Effective Communication

Utilizing tools for effective communication is a foundational component of access to justice for older adult litigants. Judges and courtroom personnel should assume older adults are credible unless otherwise demonstrated.

Ms. C, a Spanish speaking older adult with hearing loss and a history of trauma, experienced sexual and financial abuse by her intimate partner and was seeking relief through the court system. Ms. C had significant trouble hearing and understanding the proceeding. She frequently interrupted, speaking loudly. Not understanding Ms. C, the judge interpreted her actions as disruptive and inappropriate outbursts, raising capacity concerns.

These communication barriers and misunderstandings dramatically impact the experience of the older adult and potentially the outcome of the proceeding.

Tools for Effective Communication

  • Maintain a calm and respectful tone
  • Utilize appropriate interpreters for older adults with limited English proficiency and those who are deaf or hard of hearing (see also: UCS Benchcard and Best Practices for Judges)
  • Establish eye contact before speaking
  • Speak slowly and clearly, but do not over-articulate or shout
  • Use short, simple sentences
  • Sit close and face-to-face, when appropriate
  • Ask if the older adult is having difficulty hearing or seeing
  • Check in periodically to ensure the elder understanding
  • Understand that a support person may be helpful in effectuating communication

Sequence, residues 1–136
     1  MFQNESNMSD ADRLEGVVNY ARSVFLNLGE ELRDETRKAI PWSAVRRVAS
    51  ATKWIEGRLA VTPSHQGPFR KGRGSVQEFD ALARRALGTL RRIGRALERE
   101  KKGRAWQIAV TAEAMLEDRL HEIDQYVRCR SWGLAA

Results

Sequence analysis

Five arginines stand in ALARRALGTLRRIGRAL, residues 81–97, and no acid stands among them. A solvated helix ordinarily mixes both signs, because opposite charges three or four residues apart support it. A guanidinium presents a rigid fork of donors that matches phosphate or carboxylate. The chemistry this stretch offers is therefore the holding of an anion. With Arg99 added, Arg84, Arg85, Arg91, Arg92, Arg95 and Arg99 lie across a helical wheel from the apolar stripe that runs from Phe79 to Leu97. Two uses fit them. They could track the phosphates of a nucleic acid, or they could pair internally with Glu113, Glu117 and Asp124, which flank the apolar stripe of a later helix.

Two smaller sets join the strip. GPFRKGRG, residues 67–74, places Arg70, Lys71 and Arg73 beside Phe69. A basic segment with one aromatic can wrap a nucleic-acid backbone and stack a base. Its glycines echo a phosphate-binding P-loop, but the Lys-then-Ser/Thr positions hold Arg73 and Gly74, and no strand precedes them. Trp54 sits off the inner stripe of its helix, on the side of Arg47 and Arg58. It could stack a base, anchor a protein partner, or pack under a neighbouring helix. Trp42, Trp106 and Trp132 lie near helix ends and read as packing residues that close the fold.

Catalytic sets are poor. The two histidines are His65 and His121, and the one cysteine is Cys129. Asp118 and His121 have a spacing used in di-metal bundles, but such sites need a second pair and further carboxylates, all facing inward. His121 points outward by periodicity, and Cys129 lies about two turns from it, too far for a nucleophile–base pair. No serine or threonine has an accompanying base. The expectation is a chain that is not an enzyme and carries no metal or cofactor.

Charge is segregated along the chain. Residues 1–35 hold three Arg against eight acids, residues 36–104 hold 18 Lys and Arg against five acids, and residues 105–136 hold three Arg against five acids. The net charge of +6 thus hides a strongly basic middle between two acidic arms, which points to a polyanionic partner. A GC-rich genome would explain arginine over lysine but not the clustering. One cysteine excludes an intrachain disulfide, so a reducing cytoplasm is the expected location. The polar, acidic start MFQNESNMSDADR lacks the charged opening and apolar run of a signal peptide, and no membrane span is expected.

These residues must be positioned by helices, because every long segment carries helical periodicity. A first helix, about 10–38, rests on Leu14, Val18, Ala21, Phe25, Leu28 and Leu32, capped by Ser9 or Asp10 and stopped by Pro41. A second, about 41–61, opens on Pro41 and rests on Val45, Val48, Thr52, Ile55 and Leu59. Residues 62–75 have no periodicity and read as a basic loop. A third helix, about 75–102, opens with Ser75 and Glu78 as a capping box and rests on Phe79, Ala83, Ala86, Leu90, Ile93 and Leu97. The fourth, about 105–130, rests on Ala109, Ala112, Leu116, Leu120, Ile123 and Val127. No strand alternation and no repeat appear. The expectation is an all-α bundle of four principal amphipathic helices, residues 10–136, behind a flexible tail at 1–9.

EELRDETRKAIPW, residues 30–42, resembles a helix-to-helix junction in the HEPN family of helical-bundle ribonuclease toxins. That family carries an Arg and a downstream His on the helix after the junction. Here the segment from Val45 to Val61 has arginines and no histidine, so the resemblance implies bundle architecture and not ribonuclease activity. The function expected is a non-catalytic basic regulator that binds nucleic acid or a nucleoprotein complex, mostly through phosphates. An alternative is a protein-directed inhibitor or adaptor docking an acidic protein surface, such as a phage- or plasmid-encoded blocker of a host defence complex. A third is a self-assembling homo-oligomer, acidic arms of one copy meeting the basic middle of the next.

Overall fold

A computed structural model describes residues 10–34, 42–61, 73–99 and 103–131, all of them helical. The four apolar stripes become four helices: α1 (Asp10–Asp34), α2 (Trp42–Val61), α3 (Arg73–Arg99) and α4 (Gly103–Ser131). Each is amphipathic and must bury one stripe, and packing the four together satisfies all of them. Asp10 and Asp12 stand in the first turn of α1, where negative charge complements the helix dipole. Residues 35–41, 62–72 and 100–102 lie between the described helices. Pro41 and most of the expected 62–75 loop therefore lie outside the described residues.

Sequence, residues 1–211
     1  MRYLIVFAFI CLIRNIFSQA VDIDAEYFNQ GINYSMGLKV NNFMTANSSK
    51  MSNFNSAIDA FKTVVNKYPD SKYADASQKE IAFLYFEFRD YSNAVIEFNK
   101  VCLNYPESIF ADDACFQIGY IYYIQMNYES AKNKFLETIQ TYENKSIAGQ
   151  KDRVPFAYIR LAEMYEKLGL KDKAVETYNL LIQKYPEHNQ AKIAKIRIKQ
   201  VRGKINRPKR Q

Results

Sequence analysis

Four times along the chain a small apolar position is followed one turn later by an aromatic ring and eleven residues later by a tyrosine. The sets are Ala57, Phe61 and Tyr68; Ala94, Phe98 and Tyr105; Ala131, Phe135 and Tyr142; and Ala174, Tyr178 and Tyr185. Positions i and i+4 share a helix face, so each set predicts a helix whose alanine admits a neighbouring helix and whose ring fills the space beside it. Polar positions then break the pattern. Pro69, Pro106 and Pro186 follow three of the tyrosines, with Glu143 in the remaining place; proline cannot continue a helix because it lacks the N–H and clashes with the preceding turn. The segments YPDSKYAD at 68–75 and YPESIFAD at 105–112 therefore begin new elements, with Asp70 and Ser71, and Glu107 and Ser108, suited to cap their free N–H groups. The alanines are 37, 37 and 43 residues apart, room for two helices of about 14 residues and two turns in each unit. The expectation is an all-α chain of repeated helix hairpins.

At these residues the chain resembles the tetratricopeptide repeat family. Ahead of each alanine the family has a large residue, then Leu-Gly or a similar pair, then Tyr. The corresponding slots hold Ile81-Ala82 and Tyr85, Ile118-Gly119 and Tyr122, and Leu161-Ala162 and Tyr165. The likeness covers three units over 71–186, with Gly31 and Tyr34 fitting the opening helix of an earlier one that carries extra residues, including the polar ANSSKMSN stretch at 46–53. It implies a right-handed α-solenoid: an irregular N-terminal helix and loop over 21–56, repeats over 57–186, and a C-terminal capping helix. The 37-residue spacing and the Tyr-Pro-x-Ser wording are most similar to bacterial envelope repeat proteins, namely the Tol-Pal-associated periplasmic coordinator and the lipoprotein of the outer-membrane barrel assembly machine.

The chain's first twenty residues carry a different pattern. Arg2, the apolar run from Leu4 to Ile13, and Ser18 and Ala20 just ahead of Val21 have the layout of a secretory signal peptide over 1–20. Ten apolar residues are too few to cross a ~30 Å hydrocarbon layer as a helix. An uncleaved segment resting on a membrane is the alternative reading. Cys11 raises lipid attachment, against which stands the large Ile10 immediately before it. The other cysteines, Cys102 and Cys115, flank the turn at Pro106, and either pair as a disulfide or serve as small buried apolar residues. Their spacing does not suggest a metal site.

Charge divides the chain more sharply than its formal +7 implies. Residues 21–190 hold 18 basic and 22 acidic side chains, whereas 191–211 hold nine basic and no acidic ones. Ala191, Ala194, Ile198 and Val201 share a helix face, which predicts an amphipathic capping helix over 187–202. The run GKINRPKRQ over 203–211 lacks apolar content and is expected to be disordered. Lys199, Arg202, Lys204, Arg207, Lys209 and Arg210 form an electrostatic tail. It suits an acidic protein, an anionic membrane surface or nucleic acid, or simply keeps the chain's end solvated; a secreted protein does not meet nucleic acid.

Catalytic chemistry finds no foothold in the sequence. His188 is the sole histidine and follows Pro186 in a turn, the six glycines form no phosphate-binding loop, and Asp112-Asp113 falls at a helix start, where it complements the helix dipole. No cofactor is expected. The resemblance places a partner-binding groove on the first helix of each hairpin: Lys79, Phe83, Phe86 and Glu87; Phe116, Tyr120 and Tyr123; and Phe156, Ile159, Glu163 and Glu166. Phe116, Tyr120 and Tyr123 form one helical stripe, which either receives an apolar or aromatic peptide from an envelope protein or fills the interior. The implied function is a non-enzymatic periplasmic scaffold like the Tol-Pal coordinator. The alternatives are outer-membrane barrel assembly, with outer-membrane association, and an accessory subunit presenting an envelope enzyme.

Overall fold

• Explain the trajectory of the proceeding
  • Rephrase the statement if the older adult is having trouble understanding
  • Ask the older adult to rephrase if having difficulty understanding the older adult
  • Offer breaks
  • Use trauma-informed sensory tools (see also: Trauma Informed Practice Tips)
  • Schedule time certain appearances
  • Seek to accommodate medical needs, including use of bedside or hospital hearings
  • Seek to accommodate fluctuations in capacity and mental alertness when calendaring cases
  • Be clear about next steps, including upcoming court dates and required actions, and identify future barriers

Tools for Communicating with Older Adults Who are Deaf or Hard of Hearing

  • Utilize microphones, pocket talkers, or other auditory amplifiers
  • Utilize appropriate interpreters (see also: UCS Benchcard and Best Practices for Judges)
  • Consider whether written communication is more appropriate
  • Utilize visual cues and ensure the older adult can see lips and hand gestures when speaking
  • Do not over-articulate or shout, which can distort sound
  • Speak in a lower pitch
  • Minimize background noise (reduce background conversations, phones, etc.)

Tools for Communicating with an Older Adult with a Visual Impairment

  • Adjust lights to increase brightness and reduce glare
  • Provide documents in large print and double space
  • Allow extra time for the older adult to refocus on changes in brightness or distance
  • Be aware of limited fields of vision
NYC Training Project: Courts (Jan. 5, 2005).
UCS Benchcard and Best Practices for Judges, NY State Unif. Ct. System (2015).
Trauma Informed Practice Tips, The Harry and Jeanette Weinberg Center for Elder Justice at the Hebrew Home at Riverdale (2019).
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